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School board discusses crisis management

By Kevin Boneske
Staff Writer

ASHWAUBENON – The topic of school safety generated a great deal of discussion at the Wednesday, April 11, Ashwaubenon school board meeting on how to deal with crisis situations.

Superintendent Brian Hanes noted the district has been holding monthly meetings with its crisis management committee, which consists of administrators from each school building as well as other school staff members and police officers in the community.

“Out of that committee comes a lot of discussion about what’s happening nationally, what’s the national data, what’s the most effective ways to react, to prevent, to respond,” Hanes said.

Brian Hanes

He said several administrators and officers have been formally trained in a system known as ALICE, which stands for Alert, Locate, Inform, Counter and Evacuate.

Hanes said the ALICE system is in place for the district to “make a quick decision, and in most cases that decision now is to get away from – know where the problem is and flee and get away from that situation.”

“It’s a little different than what’s happened in the past with some of the other training,” he said. “There have been roundtable exercises, some training for administrators, we’ve done ALICE drills, we do periodic ALICE training scenarios with the staff and staff in-service.”

Hanes said the district’s crisis plan, which is updated annually, “anticipates a variety of problems and scenarios from bomb scares to violence to you name it, and gives specific ideas on how to interact and how to react to a situation that happens.”

In the event schools would have to be evacuated, he said routes and sites on where to evacuate have been mapped out.

Hanes also noted training for a live shooter scenario is planned for all district staff in July.

Ashwaubenon Public Safety Lieutenant Scott Schermitzler, who was on hand for the discussion, said the district is fortunate to have an administration and staff who know school safety is a priority.

“We need to really push that forward and work on that as much as we can,” he said. “The school shootings that are taking place – the spree shootings in general in the United States – most of them are occurring in places just like this. They’re not the big cities. It’s places where there’s 100 officers or less in the agencies, and it’s more rural, affluent schools, which is what we are. That’s where these things are taking place.”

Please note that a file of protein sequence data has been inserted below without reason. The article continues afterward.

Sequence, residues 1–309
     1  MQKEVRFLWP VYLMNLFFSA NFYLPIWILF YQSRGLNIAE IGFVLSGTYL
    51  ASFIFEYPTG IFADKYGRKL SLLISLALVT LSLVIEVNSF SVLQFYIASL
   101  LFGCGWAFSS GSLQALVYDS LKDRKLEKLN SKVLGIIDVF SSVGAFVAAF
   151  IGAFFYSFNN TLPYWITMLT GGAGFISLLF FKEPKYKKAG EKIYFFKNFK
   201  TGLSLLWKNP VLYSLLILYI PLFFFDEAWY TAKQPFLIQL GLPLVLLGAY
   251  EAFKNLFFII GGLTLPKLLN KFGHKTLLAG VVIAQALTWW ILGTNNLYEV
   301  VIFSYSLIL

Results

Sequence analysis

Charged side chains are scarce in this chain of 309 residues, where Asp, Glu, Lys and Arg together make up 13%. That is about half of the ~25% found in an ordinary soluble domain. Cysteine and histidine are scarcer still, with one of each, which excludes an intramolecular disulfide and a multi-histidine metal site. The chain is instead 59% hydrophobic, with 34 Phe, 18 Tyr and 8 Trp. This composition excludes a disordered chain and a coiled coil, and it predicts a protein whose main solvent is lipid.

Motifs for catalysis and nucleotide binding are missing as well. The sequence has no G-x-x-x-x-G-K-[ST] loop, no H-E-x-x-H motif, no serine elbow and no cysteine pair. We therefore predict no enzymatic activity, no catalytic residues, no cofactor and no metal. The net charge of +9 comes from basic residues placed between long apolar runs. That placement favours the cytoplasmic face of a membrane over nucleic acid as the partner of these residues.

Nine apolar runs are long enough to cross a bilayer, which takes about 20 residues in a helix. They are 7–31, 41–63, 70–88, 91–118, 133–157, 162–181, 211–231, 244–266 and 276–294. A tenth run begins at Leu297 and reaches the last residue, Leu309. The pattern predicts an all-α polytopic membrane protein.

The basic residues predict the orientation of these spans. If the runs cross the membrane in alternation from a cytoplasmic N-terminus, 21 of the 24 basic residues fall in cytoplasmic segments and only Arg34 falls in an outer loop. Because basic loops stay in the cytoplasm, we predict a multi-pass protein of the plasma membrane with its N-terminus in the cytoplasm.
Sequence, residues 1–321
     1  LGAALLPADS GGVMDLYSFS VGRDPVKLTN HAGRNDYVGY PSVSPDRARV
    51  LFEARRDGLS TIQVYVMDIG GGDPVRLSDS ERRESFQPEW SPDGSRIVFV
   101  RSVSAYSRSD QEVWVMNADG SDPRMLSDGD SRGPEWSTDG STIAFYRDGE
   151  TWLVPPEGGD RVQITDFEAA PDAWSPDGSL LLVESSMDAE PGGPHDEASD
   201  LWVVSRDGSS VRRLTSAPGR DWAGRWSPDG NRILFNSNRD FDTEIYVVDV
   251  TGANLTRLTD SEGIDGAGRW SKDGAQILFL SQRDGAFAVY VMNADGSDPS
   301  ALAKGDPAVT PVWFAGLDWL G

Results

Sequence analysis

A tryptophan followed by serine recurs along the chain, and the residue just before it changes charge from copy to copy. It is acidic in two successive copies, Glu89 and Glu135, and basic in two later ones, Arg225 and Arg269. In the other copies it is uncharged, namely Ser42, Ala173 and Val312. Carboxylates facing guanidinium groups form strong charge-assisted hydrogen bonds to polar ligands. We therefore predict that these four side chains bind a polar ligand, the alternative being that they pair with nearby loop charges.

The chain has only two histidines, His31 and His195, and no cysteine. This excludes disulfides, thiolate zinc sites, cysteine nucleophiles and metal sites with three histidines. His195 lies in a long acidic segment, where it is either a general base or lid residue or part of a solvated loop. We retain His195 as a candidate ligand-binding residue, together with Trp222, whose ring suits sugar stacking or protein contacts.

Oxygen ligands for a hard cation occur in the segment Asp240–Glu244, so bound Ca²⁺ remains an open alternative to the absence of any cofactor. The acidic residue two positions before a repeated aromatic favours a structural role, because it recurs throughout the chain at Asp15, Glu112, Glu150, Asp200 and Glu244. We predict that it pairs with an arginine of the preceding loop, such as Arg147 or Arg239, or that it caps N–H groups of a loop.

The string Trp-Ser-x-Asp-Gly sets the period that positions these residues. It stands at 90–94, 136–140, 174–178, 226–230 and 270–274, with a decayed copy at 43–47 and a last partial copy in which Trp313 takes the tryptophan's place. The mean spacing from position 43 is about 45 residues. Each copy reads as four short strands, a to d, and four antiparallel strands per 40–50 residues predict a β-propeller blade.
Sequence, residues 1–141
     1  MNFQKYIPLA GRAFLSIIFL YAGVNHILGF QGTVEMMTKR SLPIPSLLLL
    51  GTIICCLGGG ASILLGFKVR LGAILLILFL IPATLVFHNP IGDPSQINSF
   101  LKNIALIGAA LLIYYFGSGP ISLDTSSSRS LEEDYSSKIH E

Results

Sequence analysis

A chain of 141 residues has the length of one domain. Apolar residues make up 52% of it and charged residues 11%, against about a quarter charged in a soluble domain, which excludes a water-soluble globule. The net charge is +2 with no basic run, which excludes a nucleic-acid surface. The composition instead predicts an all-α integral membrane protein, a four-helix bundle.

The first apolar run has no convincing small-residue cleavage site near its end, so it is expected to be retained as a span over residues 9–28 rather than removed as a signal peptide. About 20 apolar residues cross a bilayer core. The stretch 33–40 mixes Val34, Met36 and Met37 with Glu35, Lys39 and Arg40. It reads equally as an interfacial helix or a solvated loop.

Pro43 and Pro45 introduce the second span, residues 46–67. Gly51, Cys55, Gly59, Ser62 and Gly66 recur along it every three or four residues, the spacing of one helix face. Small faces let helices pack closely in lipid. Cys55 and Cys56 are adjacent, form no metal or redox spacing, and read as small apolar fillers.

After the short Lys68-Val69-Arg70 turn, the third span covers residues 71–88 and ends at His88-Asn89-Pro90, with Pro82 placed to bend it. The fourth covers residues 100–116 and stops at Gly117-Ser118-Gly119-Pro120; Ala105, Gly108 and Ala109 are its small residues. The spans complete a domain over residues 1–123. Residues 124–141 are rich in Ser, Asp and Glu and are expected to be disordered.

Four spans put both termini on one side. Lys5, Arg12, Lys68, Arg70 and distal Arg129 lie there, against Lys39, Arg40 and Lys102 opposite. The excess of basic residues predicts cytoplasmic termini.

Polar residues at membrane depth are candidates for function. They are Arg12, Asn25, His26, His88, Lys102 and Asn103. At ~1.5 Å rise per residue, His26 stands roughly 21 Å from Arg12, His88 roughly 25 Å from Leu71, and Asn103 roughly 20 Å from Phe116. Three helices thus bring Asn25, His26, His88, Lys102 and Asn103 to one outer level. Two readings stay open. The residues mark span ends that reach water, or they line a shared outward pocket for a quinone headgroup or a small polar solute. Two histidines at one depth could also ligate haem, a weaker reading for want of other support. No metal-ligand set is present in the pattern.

Schermitzler also emphasized the importance of being proactive and working as partners for school safety.

“If we don’t work as partners, then we’re going to be in trouble,” he said. “We’ve been doing that for several years. Each one of these events that take place, we continuously have to change our plan, and we have to be ready to change it at any time. We learn something from each shooting.”

Hanes noted the district has met with safety consultants from McKinstry, which is putting together a quote for what the district could spend money on to upgrade school safety.

He said the matter will be up for consideration at the board’s May 9 meeting.

After board members noted money could be spend on a variety of things to upgrade school safety, Schermitzler said individuals determined to get into a school building and hurt someone would be able to get inside no matter what physical barriers are in place to stop them.

“When you talk about building security, have some caution about spending a lot of money on that part of it,” he said. “Because if somebody doesn’t get in that window or that door, they’re going to get in that one, or they’re going to get in that one, or they’re going to get in that shop door. They’re going to get in, because these people have plans, very elaborate plans. Just by putting in some bulletproof glass or locking the doors better isn’t going to necessarily stop a threat…. Really you need people to stop people.”

The district’s buildings and grounds coordinator, Tom Schmitt, who also is on the crisis management committee, said the district presently is in good shape for school safety from a physical and mechanical standpoint.

“I think that we are in good shape, and certainly McKinstry will have some ideas on how we may improve on some of the things that we have,” Schmitt said. “But we do have a pretty solid structure in place, so we should feel comfortable with that.”

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